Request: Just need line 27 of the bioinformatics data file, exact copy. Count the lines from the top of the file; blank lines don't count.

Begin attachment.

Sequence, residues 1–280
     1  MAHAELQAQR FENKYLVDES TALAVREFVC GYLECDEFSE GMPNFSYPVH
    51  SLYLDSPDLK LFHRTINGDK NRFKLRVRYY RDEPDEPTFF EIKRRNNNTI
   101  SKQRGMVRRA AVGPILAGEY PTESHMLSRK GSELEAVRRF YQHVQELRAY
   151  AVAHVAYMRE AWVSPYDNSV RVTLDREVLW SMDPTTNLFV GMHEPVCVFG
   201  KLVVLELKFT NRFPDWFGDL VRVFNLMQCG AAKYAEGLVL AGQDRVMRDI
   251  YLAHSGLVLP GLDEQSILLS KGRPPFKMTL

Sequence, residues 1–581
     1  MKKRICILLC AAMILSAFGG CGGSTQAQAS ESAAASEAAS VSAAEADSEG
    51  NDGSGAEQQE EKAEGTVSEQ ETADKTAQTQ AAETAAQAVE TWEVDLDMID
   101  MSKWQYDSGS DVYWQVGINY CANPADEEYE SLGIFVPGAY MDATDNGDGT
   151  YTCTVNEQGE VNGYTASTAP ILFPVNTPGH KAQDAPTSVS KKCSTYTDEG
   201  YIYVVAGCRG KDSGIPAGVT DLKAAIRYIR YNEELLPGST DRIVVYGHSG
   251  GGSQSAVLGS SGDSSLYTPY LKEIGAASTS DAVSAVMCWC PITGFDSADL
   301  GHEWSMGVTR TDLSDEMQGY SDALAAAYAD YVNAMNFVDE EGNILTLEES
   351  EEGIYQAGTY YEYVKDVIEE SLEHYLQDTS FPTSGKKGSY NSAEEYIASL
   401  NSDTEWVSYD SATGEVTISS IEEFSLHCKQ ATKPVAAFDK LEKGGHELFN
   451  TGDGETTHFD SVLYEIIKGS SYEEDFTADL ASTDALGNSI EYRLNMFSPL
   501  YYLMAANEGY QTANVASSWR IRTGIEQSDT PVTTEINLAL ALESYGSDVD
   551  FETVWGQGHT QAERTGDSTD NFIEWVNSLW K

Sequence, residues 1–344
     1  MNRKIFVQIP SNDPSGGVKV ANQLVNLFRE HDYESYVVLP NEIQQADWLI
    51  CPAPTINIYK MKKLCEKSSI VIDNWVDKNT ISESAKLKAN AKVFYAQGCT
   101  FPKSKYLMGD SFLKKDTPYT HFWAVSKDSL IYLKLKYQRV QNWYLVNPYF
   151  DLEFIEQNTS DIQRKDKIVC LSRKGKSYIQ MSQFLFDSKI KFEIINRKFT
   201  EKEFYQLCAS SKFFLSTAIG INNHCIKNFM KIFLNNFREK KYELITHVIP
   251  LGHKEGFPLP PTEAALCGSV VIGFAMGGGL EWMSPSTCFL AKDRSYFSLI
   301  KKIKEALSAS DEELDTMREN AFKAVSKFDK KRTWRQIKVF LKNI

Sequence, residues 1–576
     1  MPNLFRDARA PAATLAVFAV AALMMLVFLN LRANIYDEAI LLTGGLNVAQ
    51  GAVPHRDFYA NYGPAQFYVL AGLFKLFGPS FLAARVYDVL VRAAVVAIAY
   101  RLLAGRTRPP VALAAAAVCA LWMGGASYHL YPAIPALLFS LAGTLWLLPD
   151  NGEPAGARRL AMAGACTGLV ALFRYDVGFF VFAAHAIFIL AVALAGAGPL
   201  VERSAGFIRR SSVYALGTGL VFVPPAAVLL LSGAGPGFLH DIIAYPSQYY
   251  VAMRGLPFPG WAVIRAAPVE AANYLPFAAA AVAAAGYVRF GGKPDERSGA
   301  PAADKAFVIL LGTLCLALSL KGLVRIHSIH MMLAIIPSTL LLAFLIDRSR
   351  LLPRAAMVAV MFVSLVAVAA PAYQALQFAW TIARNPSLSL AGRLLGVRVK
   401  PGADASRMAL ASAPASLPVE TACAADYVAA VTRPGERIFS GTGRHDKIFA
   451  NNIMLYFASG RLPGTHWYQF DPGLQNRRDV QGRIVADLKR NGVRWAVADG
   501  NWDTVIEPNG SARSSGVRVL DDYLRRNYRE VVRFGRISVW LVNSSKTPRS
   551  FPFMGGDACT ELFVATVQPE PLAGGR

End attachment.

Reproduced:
   251  LGHKEGFPLP PTEAALCGSV VIGFAMGGGL EWMSPSTCFL AKDRSYFSLI